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When we had travelled around 16 kms outside of Vientiane we turned off the main road and headed down a dirt track –trying to get lost in the countryside! We passed rice fields and reservoirs where quite a few people were working in the fields and bumped into a really cute trio of little girls riding their bike along a spring.

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Perhaps even cuter was the family of goats we bumped into and their little baby!

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We then decided to turn back and head in the opposite direction and found ourselves another 15kms North West of Vientiane. Again we turned off the main road and drove deep into the middle of nowhere passing villages, pig breeding centres and feed mills. As the sun started to get lower we stopped at a rickety old bar on stilts by the side of the road and ordered a Beer Lao. We were the only customers in there let alone the only Westerners but it had a great atmosphere – the owner’s family were sat around a table in the middle with at least 8 big bottles of beer scattered around them and were singing and clapping along to music videos on the TV. Everyone around here seems to be obsessed with karaoke! We wished we could have stayed longer but were concerned about the fact that the skies were getting darker and we didn’t quite know where we were!

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We raced back along the dusty roads, getting back to the city centre a completely different way to the way we’d come, stopping off for dinner at a street café by the Mekong.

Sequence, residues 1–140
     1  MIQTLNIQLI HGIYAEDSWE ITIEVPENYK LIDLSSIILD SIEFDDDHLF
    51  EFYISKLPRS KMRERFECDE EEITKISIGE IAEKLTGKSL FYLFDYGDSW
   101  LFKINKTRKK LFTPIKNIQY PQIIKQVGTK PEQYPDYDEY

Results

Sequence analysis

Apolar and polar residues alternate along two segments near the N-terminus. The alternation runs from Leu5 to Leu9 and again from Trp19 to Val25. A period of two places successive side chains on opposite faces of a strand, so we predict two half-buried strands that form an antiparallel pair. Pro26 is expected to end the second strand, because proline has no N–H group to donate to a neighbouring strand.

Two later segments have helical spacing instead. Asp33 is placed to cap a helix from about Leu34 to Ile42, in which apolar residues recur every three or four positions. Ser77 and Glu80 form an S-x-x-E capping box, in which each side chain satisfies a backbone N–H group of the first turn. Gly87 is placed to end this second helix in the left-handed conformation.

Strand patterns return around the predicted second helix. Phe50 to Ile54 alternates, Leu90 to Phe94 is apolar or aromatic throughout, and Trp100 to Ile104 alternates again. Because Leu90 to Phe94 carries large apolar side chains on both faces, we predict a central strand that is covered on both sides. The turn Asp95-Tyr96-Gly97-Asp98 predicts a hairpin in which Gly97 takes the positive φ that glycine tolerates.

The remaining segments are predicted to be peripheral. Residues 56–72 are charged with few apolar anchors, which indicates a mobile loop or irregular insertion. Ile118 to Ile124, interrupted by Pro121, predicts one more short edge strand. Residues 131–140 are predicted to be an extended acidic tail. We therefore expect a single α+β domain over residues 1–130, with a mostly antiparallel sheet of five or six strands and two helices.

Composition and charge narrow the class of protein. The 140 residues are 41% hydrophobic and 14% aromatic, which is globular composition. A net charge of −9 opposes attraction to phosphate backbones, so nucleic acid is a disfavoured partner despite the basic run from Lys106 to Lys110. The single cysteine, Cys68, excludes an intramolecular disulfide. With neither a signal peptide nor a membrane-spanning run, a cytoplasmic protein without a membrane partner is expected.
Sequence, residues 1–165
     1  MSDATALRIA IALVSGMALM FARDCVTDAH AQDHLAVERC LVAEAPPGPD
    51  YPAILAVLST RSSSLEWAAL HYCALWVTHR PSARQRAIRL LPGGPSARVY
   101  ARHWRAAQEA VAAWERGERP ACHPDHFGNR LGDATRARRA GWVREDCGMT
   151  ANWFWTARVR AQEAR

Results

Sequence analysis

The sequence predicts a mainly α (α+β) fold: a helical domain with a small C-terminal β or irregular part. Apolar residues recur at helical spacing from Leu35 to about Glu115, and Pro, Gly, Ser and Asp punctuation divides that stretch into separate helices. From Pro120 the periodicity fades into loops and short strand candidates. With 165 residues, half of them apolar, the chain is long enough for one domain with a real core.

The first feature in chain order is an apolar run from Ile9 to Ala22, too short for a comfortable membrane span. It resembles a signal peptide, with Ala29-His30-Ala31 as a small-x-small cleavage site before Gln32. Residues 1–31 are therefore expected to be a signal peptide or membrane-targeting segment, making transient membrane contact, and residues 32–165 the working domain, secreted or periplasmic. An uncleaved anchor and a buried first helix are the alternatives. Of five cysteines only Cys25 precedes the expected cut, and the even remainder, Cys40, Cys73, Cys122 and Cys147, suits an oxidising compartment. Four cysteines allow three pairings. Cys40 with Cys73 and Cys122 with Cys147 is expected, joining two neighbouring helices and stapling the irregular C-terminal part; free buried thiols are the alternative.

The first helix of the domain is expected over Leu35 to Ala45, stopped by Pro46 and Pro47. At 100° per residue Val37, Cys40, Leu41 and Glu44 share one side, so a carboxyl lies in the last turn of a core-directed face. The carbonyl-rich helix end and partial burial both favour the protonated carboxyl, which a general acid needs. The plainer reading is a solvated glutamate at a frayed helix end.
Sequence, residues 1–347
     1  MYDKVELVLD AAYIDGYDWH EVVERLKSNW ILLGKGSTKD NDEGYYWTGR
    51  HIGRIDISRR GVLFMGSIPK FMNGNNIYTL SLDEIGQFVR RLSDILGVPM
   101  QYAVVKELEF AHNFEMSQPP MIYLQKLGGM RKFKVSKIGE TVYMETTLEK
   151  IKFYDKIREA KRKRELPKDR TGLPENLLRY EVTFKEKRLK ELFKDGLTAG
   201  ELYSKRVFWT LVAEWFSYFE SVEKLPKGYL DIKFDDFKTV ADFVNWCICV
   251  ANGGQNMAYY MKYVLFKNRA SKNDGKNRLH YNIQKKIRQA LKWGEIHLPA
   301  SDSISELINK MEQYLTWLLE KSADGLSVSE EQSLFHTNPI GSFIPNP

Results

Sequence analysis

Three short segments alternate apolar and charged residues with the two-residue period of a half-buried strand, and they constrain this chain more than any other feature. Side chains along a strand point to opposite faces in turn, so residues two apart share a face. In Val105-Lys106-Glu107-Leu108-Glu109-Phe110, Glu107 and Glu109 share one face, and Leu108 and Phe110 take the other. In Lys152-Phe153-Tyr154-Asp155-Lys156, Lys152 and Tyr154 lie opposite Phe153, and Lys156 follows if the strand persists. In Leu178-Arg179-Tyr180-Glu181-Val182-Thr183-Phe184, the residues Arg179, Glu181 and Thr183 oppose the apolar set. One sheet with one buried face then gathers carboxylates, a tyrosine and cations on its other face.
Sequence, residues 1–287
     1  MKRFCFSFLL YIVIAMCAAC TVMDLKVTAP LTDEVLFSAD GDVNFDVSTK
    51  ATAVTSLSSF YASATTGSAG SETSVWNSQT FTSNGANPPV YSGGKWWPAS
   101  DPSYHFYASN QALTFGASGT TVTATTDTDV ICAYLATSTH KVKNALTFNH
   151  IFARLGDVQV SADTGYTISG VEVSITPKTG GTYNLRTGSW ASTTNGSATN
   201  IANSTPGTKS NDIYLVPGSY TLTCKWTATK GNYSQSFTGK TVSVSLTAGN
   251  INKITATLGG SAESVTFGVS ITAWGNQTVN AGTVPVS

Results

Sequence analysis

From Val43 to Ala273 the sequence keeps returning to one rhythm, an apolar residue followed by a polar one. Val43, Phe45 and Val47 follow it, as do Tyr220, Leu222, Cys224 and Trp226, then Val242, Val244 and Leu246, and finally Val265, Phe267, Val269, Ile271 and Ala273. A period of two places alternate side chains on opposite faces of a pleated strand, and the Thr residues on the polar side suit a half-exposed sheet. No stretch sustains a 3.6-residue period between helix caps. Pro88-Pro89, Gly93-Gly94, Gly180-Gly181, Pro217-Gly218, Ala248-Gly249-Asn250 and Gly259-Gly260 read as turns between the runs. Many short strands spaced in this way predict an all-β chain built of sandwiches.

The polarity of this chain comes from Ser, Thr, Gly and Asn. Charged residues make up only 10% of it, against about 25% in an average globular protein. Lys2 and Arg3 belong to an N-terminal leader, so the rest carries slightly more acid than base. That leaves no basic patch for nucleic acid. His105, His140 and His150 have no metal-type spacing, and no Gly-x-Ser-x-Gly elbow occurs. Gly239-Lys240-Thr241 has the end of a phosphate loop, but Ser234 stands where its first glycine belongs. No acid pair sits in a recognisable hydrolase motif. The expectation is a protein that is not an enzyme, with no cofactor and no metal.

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That evening we were really tired from all of our galivanting but so pleased that we’d gone off the beaten track once again and met some really nice people in the middle of nowhere!

When Monday came, we could finally go down to the Thai embassy to apply for our visas. We got there at around 11 am, fully expecting it to be empty like it was on Friday but were amazed to see that it was packed full of people, all waiting to be seen. We only just found a seat and when we pulled out our ticket from the counter there were still over 100 people in front of us! We hoped that the staff wouldn’t simply close the application window once it got to 12pm and tell us all to come back the next day but luckily they kept on going past 12.30 so that they could get everybody processed.

Pleased with our success we went across the road for lunch before walking back towards the riverfront. Our next stop was the MAG information centre (Mine Advisory Group) situated on a dirt track right at the end of Fa Ngyum Road. MAG exists to rid the people of Laos of the thousands of UXOs (Unexploded Ordinance) that are still scattered across the country after the bombing carried out by the US during the time of the Vietnam War. Laos is the most bombed country in the world and during 1963 and 1975 it had more bombs dropped on it by the Americans than were dropped throughout the entirety of World War 2. The US were seeking to destroy the Ho Chi Minh trail as well as destroy communist factions that were hiding within Laos but all they succeeded in doing was leaving the Laos people with a legacy of fear and poverty due to the bombs that didn’t explode.